Guest Contributor | Jul 29, 2020 | 0
More bushblocks from CCF
To realise this noble undertaking, the Cheetah conservation body said it will revisit its Bushblock project to ensure efficiency and sustainability.
When completed, CCF’s commitment will yield over 600 metric tons of biomass fuel per month, employ dozens of Namibians, and restore nearly 570 hectares of habitat to productive use.
The Bushblok business was developed a decade ago when Dr. Laurie Marker, CCF’s Founder and Executive Director, discovered that bush encroachment was injuring cheetahs and significantly reducing available productive rangeland and farmland. With the help of a USAID grant, CCF developed sustainable methods of selectively harvesting the bush, and processed it into an award-winning low-emission, high heat fuel log called Bushblok. Bushblok won the Intel Tech Award for the Environment in 2008.
Yet, the project was generally considered over-capitalised and would not have been able without donor money. The blocks are expensive compared to charcoal, and consumer scomplained about excessive smoke. But once the statutory framework for Independent Power Producers was finalised, it opened new opportunities for the Bushblock project.
CCF will purchase new harvest equipment, re-tool its Bushblok biomass factory, and train new factory employees on the equipment. CCF will also educate local farmers in sustainable harvesting methods. The production process will be streamlined and will more efficiently harvest thornbush and produce biomass fuel.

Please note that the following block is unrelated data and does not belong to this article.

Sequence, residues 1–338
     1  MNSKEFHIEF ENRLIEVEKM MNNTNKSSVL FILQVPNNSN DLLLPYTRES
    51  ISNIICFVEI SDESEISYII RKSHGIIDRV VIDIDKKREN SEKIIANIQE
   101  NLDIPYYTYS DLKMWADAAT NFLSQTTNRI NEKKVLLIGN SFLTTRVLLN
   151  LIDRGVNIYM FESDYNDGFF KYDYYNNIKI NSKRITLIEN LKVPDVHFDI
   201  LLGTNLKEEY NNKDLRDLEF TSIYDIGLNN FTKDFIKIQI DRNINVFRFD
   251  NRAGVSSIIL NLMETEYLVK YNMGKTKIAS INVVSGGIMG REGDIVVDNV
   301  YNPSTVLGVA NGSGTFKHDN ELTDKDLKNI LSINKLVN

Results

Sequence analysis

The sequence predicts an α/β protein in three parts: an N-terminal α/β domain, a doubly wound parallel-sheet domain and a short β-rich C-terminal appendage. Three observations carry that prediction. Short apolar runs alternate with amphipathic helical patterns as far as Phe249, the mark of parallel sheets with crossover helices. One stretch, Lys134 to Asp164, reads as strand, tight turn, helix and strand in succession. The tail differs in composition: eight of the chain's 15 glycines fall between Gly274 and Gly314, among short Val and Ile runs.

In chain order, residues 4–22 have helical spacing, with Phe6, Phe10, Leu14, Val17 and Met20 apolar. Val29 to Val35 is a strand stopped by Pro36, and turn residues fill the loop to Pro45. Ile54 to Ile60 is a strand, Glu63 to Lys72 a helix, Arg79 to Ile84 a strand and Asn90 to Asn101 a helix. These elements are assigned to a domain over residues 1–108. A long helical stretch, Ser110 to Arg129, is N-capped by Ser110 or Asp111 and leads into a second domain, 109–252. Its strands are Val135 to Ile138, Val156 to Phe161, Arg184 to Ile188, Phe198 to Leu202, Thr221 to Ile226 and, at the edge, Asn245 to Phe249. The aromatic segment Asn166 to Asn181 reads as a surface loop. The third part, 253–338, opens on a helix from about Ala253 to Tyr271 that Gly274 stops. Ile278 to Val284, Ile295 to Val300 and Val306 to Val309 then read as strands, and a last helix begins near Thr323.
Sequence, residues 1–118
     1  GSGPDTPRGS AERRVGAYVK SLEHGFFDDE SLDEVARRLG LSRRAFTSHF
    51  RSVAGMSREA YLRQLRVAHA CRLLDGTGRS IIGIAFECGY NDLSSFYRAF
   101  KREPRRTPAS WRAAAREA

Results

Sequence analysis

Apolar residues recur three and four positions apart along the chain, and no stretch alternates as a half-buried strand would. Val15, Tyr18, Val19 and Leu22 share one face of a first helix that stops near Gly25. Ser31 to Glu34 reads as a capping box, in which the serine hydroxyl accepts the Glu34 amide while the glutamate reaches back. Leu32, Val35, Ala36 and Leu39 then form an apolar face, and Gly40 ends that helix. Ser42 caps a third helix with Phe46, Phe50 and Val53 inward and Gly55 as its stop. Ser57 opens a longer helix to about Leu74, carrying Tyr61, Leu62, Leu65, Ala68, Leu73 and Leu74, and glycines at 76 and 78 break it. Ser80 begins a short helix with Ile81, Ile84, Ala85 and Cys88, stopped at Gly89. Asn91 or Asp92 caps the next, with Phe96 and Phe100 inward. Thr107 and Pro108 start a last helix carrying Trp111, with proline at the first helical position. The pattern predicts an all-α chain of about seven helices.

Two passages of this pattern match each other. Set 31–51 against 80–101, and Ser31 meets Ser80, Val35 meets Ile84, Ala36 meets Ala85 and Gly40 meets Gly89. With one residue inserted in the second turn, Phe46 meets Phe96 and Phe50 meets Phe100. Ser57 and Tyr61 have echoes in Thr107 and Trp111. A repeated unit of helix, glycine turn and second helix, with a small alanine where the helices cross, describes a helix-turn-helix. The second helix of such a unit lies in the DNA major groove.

“CCF believes that developing biomass fuel opportunities in Namibia can address several critical issues. First, it restores valuable acreage that has been lost to bush encroachment, rendering it fit for use again as productive livestock farming land, and incidentally as rangeland for cheetahs and their prey. One 2008 study estimated that the problems of bush encroachment cost the Namibian economy over $700 million Namibian dollars ( ?$100 million USD) a year” the organisation said in a statement announcing its renewed focus on the Bushblock concept. “Additionally, CCF hopes by its efforts to encourage wider use of biomass energy. Biomass energy has the potential to provide a clean, renewable resource for electric generation. Namibia’s electric utility, NamPower, is estimating a power generation deficit of over 150 Megawatts by the end of 2013, with most of its power being supplied by aging coal-fired plants. With tens of millions of hectares of thornbush available for harvest, which could potentially provide over 100 million tons of fuel, Namibia could easily meet its current and future generation needs by developing the proper capacity. Such an effort would also generate hundreds of jobs, which, in a country with an estimated 50% unemployment rate, is no small matter.
To realise its commitment, the foundation said it will be seeking corporations and individuals who can provide investment funding, expertise, or other resources toward the development and implementation of best-practices and strategies for bush harvest and processing as part of an emerging biomass fuel industry in Namibia.
CCF said its goal is to restore the habitat of the bushland, increase available grazing lands and stimulate the biomass industry in Namibia. The biomass industry will eventually create hundreds of entry-level jobs, which are desperately needed in Namibia. Even more compelling is the fact that the factors in play in Namibia that make biomass energy such an opportunity are not unique in Africa. Solutions developed by CCF in Namibia can be exported to other sub-Saharan African countries with similar issues.